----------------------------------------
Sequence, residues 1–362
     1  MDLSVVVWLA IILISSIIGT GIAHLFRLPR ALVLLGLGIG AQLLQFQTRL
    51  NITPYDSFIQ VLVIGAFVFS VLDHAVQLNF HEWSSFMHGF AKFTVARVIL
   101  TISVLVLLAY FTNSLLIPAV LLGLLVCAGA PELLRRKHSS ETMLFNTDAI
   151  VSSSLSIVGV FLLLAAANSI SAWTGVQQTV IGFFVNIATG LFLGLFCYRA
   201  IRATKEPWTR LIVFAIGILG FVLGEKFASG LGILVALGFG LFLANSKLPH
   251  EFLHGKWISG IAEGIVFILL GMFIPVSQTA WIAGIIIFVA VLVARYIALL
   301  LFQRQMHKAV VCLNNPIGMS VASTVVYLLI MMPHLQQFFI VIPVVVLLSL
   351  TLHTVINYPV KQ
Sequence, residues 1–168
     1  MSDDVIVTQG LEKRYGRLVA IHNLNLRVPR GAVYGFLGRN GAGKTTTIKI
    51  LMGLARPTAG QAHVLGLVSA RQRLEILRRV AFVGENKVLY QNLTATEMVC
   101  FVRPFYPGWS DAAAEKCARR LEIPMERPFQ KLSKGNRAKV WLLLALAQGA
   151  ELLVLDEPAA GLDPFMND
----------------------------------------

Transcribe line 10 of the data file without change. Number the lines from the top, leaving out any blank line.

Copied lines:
Sequence, residues 1–168